Fast’s Stock Market Bluff
”, Dagens Næringsliv, June 28, 2008
Fast’s Stock Market Bluff
Fictions in accounts: 250 million Fictional contracts: 100 million Executives siphoned off: 30 million Chief executive Lervik got rich when he sold Fast before the bluff was revealed.
Fast & Loose
The executives of Fast Search & Transfer manipulated the accounts and fooled the stock market. Someof them enriched themselves with the help of fake invoices. Just before the big scam was revealed,Microsoft acquired the company.
It was the happening of the year. Clients, investors and analysts were assembled in San Diego on February 7,2007 to listen to Fast’s founder and CEO John Markus Lervik’s keynote about the future of search technology.Not only would he talk about technology. He also presented quarterly results for Q4 2006 – and once again aquarter with enormous growth and new records. What nobody explained was that a third of the running incomewas based upon a deal that didn’t exist.
“It is a shame, basically, that people in Boston walk around talking about Fast as the new Enron,” sighsAli Riaz on the phone. The former CFO in the Norwegian search company is tired of Fast. Tired of Norwegian journalists’ calls every time new trash emerges from Fast’s accounts, which were earlier so well funded. Tired of being made the scapegoat for years of bad results, accounting problems and blown-up revenues.“I had nothing to gain from manipulation of the accounts. I had no shares in the company. I wanted shares andquit because I didn’t get any. If you want to find out what’s wrong with the accounts, you need to look at thosewho could gain from it. And it wasn’t me. Talk to Robert Keith, Thomas Fussell or John Markus Lervik,” Riazsays. He has only a final greeting before he hangs up.“I have no wish to talk to you. When I left the company, it had more than 250 million dollars in the bank. Do notcall me again.”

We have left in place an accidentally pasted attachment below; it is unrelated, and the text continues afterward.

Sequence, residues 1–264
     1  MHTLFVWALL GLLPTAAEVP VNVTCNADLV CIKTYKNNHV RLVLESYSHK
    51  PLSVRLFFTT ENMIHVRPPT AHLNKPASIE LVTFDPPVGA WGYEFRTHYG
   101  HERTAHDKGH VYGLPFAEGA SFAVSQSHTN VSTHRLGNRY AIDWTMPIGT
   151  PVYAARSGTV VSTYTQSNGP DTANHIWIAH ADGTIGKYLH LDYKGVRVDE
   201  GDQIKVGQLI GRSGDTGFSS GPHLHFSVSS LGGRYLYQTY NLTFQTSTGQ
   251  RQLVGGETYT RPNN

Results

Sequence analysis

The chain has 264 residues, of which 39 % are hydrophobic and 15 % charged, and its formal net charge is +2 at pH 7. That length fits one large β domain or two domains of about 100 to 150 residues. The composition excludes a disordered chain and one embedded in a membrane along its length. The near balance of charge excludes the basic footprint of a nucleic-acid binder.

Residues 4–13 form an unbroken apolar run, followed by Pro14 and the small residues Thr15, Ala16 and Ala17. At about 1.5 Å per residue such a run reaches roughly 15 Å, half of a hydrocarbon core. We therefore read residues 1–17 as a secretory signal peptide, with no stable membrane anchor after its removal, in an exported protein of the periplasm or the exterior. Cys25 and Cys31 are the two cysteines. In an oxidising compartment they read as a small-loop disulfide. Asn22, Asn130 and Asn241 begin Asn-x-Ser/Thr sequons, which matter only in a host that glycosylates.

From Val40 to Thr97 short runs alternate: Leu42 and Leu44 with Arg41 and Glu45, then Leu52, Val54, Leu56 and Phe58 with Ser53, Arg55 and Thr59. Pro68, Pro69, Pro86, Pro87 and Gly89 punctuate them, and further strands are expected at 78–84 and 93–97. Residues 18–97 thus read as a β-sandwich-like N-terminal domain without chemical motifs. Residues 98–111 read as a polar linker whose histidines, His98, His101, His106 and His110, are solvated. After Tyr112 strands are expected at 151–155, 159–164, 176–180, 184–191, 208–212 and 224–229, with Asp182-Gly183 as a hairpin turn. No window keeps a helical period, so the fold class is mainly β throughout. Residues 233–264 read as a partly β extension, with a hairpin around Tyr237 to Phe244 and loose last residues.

Growth or unbelieving.
It was just before May 17, 2007, only a few months until Fast’s accounts were toemerge as pumped-up with contracts that didn’t exist.Fast Search & Transfer once again reported record turnover in first quarter, with an unbelievable 50% growthfrom the year before. Again.Fast emerged more and more as a fairytale, a wash-proof Norwegian fairytale – based upon research fromNTNU and brought out into the world by the company’s founder and CEO John Markus Lervik.The company had gained new life after it almost hit rock bottom in 2001. That time, Fast was stamped as an airystock bubble. When the bubble broke and the deficit of over two billion NOK was digested by the stock market,Fast’s share price fell 98%. The technology fairytale had been valued to almost as much as Hydro a year before.Now, it was reduced to a gnat.In the turbulence that followed, Lervik, a young technologist from Øksendal in Møre og Romsdal, ascended to of CEO. Together with CFO Ali Riaz, he started the work to rebuild Fast from the ruins of the dotcom crash.Longing to seem successful. Lervik and Riaz in reality ran the company together. They regularly reported hugegrowth and incredible sales figures.